The trajectory of the Alien series has followed an eerily parallel path to my own life.
Behold, both Alien and I were born into this world in 1979 with great fanfare…and we scared the bejesus out of all.
We then went through a zany action-packed early childhood, with me waging wars with my GI Joe figures on my parents’ living room floor and James Cameron waging war on-screen with Aliens in 1986.
Then there were the awkward and painful teenage years that both I and the Alien series would rather forget. Cough cough Alien Cubed. Egads! Alien: Resurrection.
Then there was the turn of the century where we both kinda sold-out and lost ourselves. Ugh…Alien vs. Predator! What were we thinking?
But now past the age of 30 we both have grown introspective and retrospective, once again returning to the great mysteries of life and the age-old questions of where did we come from and why does our creator hate us? And thus, Ridley Scott comes full circle in his career and has bequeathed to us this ponderous and wickedly entertaining Prometheus.
Roughly 70 years in the future, two noble archaeologist/scientists (the memorable Noomi Rapace and the forgettable, oh, I already forgot the actor’s name) piece together an Erich von Daniken-style theory on our alien origins based on some cave scribblings and convince a ridiculously wealthy head of a corporation that just so happens to be in the business of space exploitation (yes – it’s the infamous Weyland Corporation) played by Guy Pearce in silly aging-make-up and full-on scenery chewing mode to venture to a far-away world they believe to be the home of our creators. Along for the ride are a decidedly icy corporate crony played by Charlize Theron, a crafty robot played by Michael Fassbender, a practical ship captain played by Idris Elba, and a slew of other people destined for fun and brutal deaths once the extraterrestrial shit hits the fan.
Fans of the original two films should eat this up despite a lamer than I would’ve liked screenplay and a clunky build-up to the action and gore. Scott delights in offering us glimpses into “how it all began” while leaving enough open-ended questions that allow for the mythology and the film series to continue for better or for worse. He wastes no expense with the immaculate set-designs, crystal-clear special effects and a retro-sci-fi-epic score. He’s also a smart and slick enough director to overcome the sometimes mawkish and philosophical script and finds ways to gives us a little bit of much-needed dark humor. Complimenting his skills behind the camera, the cast delivers their lines both good and bad with admirable dedication to make it work. Rapace, Fassbender and Theron are especially good and make you interested, if not full on care, about the fate of their characters.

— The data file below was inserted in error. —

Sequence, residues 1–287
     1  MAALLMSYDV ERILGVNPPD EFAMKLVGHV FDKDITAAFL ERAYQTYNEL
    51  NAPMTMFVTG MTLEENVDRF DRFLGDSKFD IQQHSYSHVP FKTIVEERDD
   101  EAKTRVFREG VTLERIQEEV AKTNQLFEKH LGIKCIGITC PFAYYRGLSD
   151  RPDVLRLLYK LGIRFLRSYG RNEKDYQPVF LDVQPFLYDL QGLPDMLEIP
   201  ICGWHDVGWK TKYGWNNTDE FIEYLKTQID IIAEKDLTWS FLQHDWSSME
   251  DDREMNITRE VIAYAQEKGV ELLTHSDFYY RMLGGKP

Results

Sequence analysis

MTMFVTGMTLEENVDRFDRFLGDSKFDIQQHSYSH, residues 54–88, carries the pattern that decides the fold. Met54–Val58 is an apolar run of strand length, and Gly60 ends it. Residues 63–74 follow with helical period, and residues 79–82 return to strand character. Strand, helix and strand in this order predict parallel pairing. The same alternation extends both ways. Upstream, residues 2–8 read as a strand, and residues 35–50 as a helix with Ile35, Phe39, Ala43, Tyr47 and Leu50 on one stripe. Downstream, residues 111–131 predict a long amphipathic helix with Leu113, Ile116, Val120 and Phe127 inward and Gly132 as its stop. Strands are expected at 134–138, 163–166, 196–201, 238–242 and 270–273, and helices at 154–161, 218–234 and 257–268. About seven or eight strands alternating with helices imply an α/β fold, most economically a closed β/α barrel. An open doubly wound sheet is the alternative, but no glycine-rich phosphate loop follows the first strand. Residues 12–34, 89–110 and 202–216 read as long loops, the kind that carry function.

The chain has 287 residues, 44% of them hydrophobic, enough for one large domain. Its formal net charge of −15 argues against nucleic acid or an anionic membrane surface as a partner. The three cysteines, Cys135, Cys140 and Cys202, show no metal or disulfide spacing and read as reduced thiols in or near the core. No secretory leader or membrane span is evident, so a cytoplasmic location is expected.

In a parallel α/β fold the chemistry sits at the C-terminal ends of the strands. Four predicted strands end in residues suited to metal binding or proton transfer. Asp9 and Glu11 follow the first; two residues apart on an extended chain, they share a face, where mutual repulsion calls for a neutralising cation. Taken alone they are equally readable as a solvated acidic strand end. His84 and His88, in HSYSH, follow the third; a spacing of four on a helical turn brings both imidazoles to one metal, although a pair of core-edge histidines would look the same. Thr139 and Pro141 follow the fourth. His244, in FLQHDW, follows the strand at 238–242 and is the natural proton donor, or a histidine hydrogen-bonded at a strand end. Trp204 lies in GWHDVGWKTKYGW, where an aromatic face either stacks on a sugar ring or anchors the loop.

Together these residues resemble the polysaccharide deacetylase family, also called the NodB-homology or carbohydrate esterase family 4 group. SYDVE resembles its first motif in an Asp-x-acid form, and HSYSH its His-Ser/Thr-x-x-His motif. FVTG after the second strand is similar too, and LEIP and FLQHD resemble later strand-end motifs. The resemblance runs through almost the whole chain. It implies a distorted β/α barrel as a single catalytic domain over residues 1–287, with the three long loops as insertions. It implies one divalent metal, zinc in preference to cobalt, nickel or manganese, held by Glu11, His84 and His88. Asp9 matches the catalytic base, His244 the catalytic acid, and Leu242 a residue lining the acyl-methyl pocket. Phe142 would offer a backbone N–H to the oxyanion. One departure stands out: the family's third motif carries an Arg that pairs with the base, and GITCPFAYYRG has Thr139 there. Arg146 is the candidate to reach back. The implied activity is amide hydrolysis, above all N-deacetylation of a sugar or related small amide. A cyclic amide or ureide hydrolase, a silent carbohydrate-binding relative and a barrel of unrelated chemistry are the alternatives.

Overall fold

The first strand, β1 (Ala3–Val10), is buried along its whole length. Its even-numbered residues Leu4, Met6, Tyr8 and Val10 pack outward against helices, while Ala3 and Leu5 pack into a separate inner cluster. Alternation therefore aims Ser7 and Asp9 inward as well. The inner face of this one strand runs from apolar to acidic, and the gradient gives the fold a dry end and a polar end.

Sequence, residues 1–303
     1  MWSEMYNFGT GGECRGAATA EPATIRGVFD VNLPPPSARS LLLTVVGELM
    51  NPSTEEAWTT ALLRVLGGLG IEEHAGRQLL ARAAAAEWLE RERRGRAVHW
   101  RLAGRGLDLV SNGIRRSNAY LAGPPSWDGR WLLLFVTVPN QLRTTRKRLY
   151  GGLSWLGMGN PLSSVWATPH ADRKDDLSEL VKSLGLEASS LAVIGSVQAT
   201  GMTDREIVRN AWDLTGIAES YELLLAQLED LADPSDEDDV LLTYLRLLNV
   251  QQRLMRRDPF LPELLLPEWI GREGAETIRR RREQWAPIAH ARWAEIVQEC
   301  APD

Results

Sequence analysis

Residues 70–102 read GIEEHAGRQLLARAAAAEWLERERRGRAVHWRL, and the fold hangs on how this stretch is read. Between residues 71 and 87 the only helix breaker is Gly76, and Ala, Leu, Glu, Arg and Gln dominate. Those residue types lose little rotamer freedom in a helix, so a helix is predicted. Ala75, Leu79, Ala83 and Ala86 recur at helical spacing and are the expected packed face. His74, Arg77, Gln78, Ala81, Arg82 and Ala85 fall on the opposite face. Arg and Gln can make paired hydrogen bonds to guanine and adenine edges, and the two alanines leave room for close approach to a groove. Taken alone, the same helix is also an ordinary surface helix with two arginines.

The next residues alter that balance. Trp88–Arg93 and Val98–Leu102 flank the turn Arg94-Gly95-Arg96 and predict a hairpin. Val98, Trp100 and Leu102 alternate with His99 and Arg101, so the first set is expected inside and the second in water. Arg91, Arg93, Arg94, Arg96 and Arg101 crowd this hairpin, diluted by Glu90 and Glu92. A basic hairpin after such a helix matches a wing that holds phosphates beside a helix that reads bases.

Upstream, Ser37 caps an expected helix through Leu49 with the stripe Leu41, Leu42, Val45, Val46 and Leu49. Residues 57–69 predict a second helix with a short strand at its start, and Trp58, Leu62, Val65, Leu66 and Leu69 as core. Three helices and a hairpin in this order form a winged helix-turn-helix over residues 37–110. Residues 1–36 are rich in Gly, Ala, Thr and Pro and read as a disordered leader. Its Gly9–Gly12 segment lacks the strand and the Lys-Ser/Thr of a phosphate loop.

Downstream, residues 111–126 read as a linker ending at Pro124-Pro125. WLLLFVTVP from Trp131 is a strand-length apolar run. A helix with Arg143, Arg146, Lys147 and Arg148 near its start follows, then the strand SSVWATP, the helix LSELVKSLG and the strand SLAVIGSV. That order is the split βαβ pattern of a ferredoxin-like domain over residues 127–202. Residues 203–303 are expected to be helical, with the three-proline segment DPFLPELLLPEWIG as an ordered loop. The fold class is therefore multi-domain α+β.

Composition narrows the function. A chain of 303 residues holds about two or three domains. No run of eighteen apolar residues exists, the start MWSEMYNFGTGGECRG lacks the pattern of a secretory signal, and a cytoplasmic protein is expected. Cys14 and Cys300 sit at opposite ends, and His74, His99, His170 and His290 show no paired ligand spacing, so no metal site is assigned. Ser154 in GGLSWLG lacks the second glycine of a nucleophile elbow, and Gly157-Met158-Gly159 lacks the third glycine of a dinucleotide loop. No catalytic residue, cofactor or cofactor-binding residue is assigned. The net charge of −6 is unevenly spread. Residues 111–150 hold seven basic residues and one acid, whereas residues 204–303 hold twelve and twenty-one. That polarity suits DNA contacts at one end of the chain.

*POTENTIAL SPOILERS AHEAD! READ WITH CAUTION!*
Scott deserves further accolades for trying to top himself with the gross-out shock scenes. The stomach-bursting scene from his original Alien is legendary, and he goes way over the top in Prometheus with a self-inflicted….ummmm….shall we say…removal…of a…ummmm…squidbilly? The creepy-crawly-jumpy-grossies also include a bevy of primordial creatures including an ummmm…cobra screecher…a tiny eye-worm….a giant face-hugger…and of course a proto-xenomorph.
No good Alien film would be complete without a robot decapitation, girl-power survival skills on display and stupid stock characters going places they shouldn’t and doing things no sane person would do. There’s also some grin-inducing foreshadowing when Theron gives a little speech about a king’s reign ending…presumably to make way for….a queen? And of course there’s a giant mural of…the queen uncovered in the alien tomb. My best guess is that our lovely creators have been engineering all kinds of monsters across the universe and that these particular parasitic bastards evolve every time they infect a new series of hosts.
At any rate – despite some obvious flaws, at the end of the film Mr. Scott seems to be asking us, much like Maximus in the arena in that classic scene from Gladiator, “Are you not entertained?”
Yes, sir, we are! Thank you!
Written by David H. Schleicher
POST SCRIPT – While typing this review my life once again mirrored the series as a harrowing “big alien-like spider crawling up the wall jumps onto bedroom carpet leading to epic hunt and kill before bedtime” episode unfolded.
Running score: Schleicher – Thirty Seven. Spiders – Zero.
Meanwhile, the aliens will always be close to my heart.